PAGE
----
IDPs in northwest Syria: New winter, old ordeal (Photos)


January 19, 2021

AMMAN, IDLIB — Standing inside a flooded tent in the Umm Jaran informal camp, east of Kafr Arrouq town in the northern countryside of Idlib, Sharif Abu Khlaif was utterly unable to describe the suffering of the camp residents.

The floods have become annual scenes in the opposition-held northwest Syria, which hosts over four million people, half of whom are internally displaced persons (IDPs). However, Abu Khlaif and his family of nine experienced this harsh reality for the first time, as they were displaced from the eastern countryside of Saraqib near the end of last winter.

“The camp residents were displaced from the southern countryside of Idlib; from Saraqib and its countryside and Maarat al-Numan,” Abu Khalif told Syria Direct. “They built the camp on agricultural land that lacks the most basic services.” 

According to the “Response Coordination Group,” Umm Jaran camp, which hosts around 650 displaced families, is one of 145 IDP camps affected by the recent heavy rainfall. The humanitarian group’s initial assessment estimates that at least 278 tents were wholly damaged, and 513 tents partially damaged.

Northwest Syria’s informal camps, many of which were established after the military offensive of the Assad regime and its Russian ally that ended in March 2020, are the most affected by the recent rainstorms. However, “the rains even damaged camps that were built years ago with the supervision of NGOs in the region,” Muhammad Hallaj, the director of the “Response Coordination Group,” told Syria Direct.

Further, the numbers issued by the group are preliminary. “This is what has been documented [so far], but we are not done assessing the full damage,” Hallaj added. Still, it is already clear that “there is no adequate response to meet the needs of those affected [by the flooding],” he added.

Until the needs of those affected by the floods are met, Abu Khlaif and other IDPs are still battling to “evacuate tents” and secure alternative shelters, focusing on children and the elderly. “Ten or fifteen families live now in a single tent,” he said.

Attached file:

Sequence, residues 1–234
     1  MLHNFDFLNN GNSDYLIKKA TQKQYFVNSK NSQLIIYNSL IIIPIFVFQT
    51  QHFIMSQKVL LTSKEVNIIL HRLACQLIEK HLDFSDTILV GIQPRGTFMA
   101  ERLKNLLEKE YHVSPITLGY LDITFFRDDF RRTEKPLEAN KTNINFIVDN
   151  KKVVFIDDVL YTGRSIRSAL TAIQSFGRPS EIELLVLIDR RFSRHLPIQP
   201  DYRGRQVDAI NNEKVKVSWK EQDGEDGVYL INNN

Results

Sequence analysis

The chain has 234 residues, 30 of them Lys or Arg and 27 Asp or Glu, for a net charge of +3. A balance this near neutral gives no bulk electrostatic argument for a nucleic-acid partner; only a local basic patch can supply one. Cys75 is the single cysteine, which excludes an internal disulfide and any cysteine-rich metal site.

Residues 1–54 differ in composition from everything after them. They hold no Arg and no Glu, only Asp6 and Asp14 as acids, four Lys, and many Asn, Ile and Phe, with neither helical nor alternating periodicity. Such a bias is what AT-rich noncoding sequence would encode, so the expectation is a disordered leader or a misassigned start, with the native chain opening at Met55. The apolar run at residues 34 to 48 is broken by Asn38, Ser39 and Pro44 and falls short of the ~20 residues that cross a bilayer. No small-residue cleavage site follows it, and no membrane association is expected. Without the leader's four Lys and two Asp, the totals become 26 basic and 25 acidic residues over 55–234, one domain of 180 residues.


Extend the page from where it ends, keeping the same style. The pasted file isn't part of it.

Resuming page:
Children walk on a thin mud barrier standing out from the flooded ground in Umm Jaran informal settlement, east of Kafr Arrouq in the northern countryside of Idlib, 18/1/2021 (Ezzudin al-Idlibi)

Stranded in water and mud, a child looks up to the sky in Umm Jaran informal settlement in the northern countryside of Idlib, 17/1/2021 (Ezzudin al-Idlibi)

Using a small container, a woman tries to remove the rainwater that flooded her tent in Umm Jaran camp, 18/1/2021 (Ezzudin al-Idlibi)

Aerial view of the Umm Jaran informal settlement, flooded by rain 17/1/2021 (Ezzudin al-Idlibi)

Children sit around a heater in their tent in Umm Jaran informal settlement in the northern countryside of Idlib, 18/1/2021 (Ezzudin al-Idlibi)

Aerial view of the Umm Jaran informal settlement, flooded following heavy rainfall across northwest Syria, 17/17/2021 (Ezzudin al-Idlibi)

In light clothing and without a coat, a child walks among the flooded tents of Umm Jaran camp in the northern countryside of Idlib, 18/1/2021 (Ezzudin al-Idlibi)

A girl stands outside her flooded tent in Umm Jaran camp, in the northern countryside of Idlib, 18/1/2021 (Ezzudin al-Idlibi)

 

This photo story was originally published in Arabic and translated into English by Lyse Mauvais.